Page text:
The Bengal Beat

The painful reality of permanence

Aneta Huckova, General Columnist

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I sighed as I looked at my schedule for the week. I was halfway through my homework in the subject I hate the most: chemistry. I’m certain only people with a passion for suffering like chemistry.

I looked through my homework and then once again at my schedule. I hated my schedule: AP chemistry, AP physics, microbiology. “You have the potential to be a scientist, I can see it in your scores,” my counselor told me the year before.

I don’t think so.

My phone vibrated, making me jump. I looked at the screen and raised my eyebrows when I saw Nicole’s name. I thought she was at a family gathering.

Any reason to stop doing chemistry is a good one.

“Hey Nicole, what’s up?”

“You will not believe what she said to me. She is such a hypocrite!”

I knew immediately what she was talking about. Nicole got a tattoo about week ago, a green-and-blue-tinted fish that took up most of her ribcage. The tattoo was meant to honor her grandfather, who had died a couple of months before. Nicole was closer to him than to her own father.

This news circulated through her family like wildfire. They all wanted to see it, and more than that, they all wanted to tell her how much they hated it.

I got up from my desk, covered with papers and books, and threw myself on the bed, curling up under the fluffy blanket I got for Christmas.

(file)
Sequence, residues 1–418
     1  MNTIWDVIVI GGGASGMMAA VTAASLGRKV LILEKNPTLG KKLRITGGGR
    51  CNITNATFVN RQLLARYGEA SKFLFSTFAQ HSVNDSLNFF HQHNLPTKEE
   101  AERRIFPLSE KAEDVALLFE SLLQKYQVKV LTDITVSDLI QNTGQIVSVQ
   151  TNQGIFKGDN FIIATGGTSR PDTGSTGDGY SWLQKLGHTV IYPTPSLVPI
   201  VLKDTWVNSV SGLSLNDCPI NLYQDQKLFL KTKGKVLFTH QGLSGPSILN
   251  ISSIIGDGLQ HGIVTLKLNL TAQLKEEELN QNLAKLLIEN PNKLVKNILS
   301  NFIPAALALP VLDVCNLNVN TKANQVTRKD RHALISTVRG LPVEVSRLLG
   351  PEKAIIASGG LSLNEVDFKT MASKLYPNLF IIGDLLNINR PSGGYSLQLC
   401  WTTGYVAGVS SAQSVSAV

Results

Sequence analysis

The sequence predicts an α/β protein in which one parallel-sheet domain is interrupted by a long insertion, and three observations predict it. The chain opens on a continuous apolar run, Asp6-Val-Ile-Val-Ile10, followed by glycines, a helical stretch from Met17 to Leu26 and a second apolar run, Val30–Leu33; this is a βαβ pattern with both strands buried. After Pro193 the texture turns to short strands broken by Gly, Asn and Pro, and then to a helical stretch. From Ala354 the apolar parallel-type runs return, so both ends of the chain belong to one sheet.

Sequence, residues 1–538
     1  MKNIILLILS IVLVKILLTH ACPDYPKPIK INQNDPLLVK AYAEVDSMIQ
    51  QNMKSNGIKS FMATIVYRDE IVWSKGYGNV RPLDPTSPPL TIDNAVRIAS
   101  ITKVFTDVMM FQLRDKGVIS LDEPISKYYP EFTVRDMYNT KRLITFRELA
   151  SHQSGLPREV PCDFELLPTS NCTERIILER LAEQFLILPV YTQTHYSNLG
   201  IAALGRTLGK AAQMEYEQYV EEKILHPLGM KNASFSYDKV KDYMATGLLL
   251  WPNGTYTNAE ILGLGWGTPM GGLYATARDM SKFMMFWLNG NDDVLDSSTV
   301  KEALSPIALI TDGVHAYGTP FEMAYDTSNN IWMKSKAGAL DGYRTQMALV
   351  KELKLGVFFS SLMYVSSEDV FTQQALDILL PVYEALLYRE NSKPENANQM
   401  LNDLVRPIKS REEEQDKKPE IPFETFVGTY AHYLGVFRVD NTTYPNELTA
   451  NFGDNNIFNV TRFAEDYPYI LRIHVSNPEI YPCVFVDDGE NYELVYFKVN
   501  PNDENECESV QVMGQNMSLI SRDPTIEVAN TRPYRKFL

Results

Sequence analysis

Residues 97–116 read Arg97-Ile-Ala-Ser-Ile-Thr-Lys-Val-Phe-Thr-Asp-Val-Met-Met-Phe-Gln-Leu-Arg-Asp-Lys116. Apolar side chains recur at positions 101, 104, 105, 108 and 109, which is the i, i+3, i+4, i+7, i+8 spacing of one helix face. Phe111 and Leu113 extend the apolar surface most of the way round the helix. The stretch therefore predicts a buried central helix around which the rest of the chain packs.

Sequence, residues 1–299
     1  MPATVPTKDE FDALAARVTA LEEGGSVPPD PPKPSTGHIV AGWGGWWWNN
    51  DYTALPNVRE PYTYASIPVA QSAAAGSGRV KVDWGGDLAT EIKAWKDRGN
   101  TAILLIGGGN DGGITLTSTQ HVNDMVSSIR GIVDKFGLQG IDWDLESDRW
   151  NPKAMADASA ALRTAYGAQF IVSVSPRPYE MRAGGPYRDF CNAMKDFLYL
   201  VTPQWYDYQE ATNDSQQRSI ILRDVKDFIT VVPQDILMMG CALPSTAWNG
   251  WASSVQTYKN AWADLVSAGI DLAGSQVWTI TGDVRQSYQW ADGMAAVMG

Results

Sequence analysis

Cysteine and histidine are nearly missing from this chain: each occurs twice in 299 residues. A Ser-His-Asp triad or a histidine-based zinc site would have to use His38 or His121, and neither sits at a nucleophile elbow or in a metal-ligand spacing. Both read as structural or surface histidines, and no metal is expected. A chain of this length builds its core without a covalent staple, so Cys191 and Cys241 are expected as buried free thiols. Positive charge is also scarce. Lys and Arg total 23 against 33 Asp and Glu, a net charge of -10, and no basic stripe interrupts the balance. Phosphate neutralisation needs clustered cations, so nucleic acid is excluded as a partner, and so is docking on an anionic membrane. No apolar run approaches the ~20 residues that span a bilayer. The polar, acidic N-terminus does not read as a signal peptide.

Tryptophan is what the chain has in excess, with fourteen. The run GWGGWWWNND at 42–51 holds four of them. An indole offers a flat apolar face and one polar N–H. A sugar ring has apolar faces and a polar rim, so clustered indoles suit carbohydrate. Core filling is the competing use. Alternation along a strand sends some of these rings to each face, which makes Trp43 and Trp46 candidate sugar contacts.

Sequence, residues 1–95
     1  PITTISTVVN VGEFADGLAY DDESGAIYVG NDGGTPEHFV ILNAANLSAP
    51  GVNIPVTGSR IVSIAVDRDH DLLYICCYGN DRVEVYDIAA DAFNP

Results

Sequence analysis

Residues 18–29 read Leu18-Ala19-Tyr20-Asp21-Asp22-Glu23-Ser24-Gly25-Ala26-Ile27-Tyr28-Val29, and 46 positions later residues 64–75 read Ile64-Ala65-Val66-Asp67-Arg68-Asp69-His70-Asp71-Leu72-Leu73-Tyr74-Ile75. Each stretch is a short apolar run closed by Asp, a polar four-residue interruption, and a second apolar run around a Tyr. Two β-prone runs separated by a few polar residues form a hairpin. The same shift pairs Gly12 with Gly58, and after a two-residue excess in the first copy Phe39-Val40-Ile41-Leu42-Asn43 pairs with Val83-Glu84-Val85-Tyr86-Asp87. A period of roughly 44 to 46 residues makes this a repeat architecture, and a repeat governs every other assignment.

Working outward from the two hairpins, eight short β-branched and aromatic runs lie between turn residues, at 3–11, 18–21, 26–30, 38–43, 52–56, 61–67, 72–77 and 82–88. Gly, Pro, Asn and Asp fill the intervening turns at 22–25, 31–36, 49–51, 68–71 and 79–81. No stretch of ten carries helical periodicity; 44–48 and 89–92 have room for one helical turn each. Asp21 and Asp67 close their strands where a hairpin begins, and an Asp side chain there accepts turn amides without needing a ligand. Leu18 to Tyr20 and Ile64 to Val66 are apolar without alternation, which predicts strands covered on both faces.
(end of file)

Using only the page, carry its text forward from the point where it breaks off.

“So?” I asked. Nicole didn’t need any more prompting to start her monologue.

“Dear amazing Elizabeth decided to give me a lecture about making bad choices in life. Who does she think she is? She has China in her house that no one can use … ever. How is my tattoo a poor investment?”

If I could have seen her face, I am certain it would have been completely red. She always heats up when she’s angry.

“Where are you now? I could come to your house if you want,” I said, sounding not as dedicated to the idea as I would have liked. The warmness of the covers was making me feel relaxed. I could feel the heat rising from my feet into the rest of my body.

“No, we are still at my aunt’s house. I’m hiding in the bathroom.”

She chuckled into the phone.

“OK, keep me updated on how you are doing,” I told her. “Hopefully, they will not eat you alive.”

“Yeah, don’t count on that,” Nicole said, hanging up.

I placed my phone on my night table, catching the sight of the work I had left undone. I frowned and turned my back on it.

How someone can say we are too young to decide what we want to put on our body is a mystery to me.

Will we regret it?

Maybe at some point in our life.

Maybe never.

Adults don’t seem as concerned about permanence when it comes to our education. We’re forced to choose what we want to do for the rest of our lives when we are teens.

Will we regret it?

Maybe at some point in our life.

Maybe never.

It’s a lot easier to remove ink from your skin than to extract yourself from a career you’ve been working towards since you were 14. I would much rather be left with art on my body that didn’t turn out the way I wanted than be forced into a career that makes me miserable.

As my phone continued to vibrate with messages, and the science homework that an adult decided was right for me waited on my desk, I drifted off to sleep.

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The painful reality of permanence